TOLDERVEY, Christopher (d.1613), of Allhallows, Lombard Street, London.
Available from Boydell and Brewer
Family and Education
m. Susan, da. of John Anwick, at least 2s. 2da.
Toldervey was a London merchant who lived at one time in Sandwich. He leased property in Kent, and must have been known to the Hythe corporation, but whether he was known to them prior to his first return for the borough is not clear. Possibly he owed his first election to John Smythe I, whose seat at Westenhanger, where Toldervey had a third share in the park, was near to the borough. Smythe was the son of ‘Customer’ Smythe of London, who left Toldervey £200 ‘for his great care in my affairs’. When Toldervey came to make his own will he appointed Sir John Smythe as overseer, to share the custody of the two sons with Sir John Scott†. Scott, a relative of the Smythes, also had influence in the district, and when, as after the death of William, 10th Lord Cobham, in March 1597, the lord warden of the Cinque Ports appears not to have nominated at Hythe, the Smythe-Scott connexion was probably strong enough to sway the election. By 1601 there was a new lord warden, Cobham’s son and heir, the 11th and last Lord Cobham, but Toldervey had connexions with him too, for he is soon found living or working in Cobham’s London house, and it was quite possibly Cobham who nominated him to the 1601 Parliament. The only reference to him in the Elizabethan House of Commons is as a member of a committee on the penal laws on 8 Nov. 1597, but as one of the Hythe MPs he could have sat on the main business committee (3 Nov. 1601) and the Severn harbour committee (21 Nov. 1601).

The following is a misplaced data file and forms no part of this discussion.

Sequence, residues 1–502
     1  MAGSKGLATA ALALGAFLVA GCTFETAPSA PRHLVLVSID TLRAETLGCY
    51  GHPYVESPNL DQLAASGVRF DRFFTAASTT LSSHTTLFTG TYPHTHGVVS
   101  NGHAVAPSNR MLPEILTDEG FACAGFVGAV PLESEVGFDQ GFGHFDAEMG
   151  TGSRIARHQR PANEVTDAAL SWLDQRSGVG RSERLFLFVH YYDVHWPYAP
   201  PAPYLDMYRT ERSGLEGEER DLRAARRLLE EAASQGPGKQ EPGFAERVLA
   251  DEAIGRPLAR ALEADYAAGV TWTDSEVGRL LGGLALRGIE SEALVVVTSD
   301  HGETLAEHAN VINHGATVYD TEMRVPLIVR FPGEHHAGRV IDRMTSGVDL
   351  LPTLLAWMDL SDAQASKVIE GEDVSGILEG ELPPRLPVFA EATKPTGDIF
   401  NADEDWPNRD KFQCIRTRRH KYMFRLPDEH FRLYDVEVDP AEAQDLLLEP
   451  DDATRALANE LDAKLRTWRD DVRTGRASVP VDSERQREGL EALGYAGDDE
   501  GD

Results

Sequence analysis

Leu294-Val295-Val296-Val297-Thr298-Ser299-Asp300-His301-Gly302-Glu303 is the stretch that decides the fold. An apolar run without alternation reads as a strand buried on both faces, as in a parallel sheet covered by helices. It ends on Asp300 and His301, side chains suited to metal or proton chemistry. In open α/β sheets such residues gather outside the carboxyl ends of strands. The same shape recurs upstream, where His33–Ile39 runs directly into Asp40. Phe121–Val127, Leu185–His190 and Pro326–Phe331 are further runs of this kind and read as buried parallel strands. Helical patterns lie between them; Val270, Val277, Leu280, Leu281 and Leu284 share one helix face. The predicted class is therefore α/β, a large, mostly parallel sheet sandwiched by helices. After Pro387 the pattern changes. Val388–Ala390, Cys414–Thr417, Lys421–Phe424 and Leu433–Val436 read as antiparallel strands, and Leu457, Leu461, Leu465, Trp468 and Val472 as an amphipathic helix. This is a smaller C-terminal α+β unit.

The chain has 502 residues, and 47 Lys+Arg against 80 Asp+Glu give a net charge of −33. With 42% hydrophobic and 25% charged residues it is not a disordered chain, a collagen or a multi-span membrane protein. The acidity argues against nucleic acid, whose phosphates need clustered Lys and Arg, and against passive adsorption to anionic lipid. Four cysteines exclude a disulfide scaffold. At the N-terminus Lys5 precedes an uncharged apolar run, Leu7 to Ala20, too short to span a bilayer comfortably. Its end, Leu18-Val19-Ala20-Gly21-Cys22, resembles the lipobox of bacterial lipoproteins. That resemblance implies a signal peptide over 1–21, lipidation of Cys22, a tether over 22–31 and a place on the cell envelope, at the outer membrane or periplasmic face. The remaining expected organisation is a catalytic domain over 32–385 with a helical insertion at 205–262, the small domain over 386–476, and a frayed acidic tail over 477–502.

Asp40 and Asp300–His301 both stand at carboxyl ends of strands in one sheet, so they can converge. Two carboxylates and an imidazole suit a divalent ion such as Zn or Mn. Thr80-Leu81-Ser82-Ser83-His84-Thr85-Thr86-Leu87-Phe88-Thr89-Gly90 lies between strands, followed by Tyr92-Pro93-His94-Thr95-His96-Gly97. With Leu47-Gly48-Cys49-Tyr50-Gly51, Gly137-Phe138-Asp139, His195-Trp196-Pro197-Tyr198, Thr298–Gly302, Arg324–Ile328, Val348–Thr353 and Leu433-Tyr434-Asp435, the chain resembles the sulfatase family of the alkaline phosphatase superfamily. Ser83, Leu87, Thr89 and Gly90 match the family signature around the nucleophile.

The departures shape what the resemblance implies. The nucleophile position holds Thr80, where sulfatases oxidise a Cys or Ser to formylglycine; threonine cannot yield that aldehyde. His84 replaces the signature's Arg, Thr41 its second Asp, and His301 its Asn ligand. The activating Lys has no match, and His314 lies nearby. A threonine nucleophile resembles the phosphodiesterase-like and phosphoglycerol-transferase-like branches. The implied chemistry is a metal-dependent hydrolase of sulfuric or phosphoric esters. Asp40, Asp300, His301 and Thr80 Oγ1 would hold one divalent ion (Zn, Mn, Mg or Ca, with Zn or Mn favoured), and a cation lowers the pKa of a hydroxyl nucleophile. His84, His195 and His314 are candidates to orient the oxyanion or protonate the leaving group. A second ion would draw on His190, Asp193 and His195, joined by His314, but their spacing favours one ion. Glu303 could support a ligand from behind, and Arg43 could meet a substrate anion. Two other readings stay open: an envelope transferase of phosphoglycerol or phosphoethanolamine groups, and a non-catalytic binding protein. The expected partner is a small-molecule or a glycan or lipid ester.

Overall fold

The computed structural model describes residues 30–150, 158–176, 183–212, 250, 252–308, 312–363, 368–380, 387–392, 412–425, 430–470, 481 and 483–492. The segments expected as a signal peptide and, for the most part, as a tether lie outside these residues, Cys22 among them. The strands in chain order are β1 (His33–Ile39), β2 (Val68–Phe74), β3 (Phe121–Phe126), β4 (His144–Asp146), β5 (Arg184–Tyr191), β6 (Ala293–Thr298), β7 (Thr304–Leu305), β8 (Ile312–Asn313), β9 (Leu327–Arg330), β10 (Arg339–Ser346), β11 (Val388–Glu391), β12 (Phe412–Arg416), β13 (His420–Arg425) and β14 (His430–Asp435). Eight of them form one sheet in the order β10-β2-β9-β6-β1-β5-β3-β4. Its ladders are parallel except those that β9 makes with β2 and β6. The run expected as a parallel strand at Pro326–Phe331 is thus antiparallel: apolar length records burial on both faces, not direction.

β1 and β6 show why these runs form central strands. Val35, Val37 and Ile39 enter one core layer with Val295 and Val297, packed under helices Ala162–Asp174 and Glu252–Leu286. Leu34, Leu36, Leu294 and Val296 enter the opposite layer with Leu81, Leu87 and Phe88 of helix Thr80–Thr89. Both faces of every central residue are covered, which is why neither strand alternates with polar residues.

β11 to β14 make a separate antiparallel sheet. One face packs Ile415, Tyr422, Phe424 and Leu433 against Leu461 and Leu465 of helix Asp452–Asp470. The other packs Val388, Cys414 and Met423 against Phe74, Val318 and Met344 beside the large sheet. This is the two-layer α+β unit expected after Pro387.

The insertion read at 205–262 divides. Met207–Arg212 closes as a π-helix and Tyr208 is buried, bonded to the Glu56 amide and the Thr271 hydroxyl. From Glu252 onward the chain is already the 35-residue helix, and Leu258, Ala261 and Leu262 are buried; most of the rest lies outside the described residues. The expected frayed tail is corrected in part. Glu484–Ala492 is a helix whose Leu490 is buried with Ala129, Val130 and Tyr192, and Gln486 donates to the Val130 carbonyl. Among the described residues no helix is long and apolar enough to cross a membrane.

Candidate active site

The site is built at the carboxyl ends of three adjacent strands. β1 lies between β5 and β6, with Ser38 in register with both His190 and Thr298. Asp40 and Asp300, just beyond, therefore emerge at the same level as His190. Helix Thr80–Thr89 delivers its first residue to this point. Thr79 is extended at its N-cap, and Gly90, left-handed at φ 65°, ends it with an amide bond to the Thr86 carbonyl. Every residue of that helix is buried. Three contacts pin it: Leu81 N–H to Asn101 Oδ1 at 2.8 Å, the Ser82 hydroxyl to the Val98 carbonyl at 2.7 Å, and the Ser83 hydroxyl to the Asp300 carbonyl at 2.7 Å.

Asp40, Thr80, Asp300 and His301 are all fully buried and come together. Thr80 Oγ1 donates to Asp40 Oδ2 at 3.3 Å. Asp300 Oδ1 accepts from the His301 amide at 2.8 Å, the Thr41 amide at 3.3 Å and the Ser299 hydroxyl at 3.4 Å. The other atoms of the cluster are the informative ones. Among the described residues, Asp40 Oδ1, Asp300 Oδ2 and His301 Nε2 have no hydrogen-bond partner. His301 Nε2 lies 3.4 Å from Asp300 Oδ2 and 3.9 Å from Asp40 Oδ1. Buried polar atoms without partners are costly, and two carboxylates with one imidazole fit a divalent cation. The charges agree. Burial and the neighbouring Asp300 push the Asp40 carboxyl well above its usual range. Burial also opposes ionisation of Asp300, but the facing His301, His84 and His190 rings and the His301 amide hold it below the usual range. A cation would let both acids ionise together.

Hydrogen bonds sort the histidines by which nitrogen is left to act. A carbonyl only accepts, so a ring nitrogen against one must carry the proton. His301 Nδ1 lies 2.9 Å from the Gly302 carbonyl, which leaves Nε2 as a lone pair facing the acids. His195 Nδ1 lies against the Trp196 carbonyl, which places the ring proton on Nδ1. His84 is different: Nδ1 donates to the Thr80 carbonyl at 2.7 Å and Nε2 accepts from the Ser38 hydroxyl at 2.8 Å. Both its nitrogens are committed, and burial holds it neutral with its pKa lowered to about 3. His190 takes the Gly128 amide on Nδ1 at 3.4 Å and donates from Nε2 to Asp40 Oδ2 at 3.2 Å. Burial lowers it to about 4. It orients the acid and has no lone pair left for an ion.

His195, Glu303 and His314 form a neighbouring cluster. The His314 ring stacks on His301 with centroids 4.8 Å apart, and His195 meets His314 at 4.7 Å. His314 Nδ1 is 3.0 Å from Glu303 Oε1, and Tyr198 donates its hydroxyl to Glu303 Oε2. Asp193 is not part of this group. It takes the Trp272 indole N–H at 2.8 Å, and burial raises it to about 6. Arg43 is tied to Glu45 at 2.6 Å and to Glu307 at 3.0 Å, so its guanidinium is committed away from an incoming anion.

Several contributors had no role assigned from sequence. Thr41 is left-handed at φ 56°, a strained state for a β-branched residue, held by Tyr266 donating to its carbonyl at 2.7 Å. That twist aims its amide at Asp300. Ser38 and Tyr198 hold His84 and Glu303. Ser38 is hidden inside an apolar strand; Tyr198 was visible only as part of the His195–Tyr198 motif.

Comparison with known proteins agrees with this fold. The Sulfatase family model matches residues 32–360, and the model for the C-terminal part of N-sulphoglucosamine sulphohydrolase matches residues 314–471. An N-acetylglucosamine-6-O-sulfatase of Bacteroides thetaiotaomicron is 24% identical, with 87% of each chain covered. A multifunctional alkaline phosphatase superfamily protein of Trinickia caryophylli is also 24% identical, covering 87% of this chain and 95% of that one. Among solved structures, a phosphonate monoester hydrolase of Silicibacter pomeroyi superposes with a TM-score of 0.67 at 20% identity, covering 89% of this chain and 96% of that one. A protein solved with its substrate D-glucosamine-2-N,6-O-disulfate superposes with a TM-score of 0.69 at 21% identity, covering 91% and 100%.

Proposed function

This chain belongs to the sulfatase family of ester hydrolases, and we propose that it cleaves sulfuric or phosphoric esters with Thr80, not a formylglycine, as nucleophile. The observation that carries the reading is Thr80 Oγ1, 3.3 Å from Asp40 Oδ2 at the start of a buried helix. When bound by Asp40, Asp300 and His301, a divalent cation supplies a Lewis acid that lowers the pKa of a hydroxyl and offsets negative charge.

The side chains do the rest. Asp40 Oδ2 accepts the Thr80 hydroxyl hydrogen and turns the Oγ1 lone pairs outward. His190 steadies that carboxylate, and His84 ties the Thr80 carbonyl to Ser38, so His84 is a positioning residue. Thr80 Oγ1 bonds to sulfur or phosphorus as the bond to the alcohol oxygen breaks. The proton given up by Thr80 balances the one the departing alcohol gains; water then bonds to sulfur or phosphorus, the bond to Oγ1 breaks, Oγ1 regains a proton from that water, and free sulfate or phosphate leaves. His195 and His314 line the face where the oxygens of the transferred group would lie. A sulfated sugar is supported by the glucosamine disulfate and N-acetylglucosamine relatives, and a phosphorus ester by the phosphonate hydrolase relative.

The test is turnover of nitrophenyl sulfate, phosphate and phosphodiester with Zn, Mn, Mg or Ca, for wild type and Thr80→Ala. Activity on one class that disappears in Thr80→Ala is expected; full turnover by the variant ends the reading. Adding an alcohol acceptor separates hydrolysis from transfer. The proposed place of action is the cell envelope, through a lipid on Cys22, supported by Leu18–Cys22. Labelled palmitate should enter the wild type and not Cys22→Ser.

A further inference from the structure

A Londoner, Toldervey was assessed for the 1589 subsidy in Bishopsgate ward on £50 property. In 1598 he paid £10 subsidy. He held shares in the mines royal and the mineral and battery works, and died wealthy. In his will, dated 12 Jan. 1613, he left one daughter £2,000 and the other £1,200. The elder son, Christopher, who became a Kent country gentleman and died only five years after his father, was to have an annuity of £100 until the age of 30, when he would receive the profits of leases at Newington, Faversham and Barksore; while John, the younger son, received Halstowe parsonage and an annuity of £60.
Arch. Cant. xvii. 203; xxv. 130; xl. 126; G. Wilks, Barons of the Cinque Ports and the Parl. Rep. Hythe, 65-6; Townshend, Hist. Colls. 103; D’Ewes, 624, 647; Vis. London (Harl. Soc. xv), 133; (cix and cx), 151; E179/146/369; HMC Hatfield, ix. 425; x. 217, 348; xvii. 63; M. B. Donald. Eliz. Monopolies, 54, 64-5, 72, 73, 132, 192; PCC 39 Capell; Vis. Kent (Harl. Soc. xlii), 187; C142/367/70.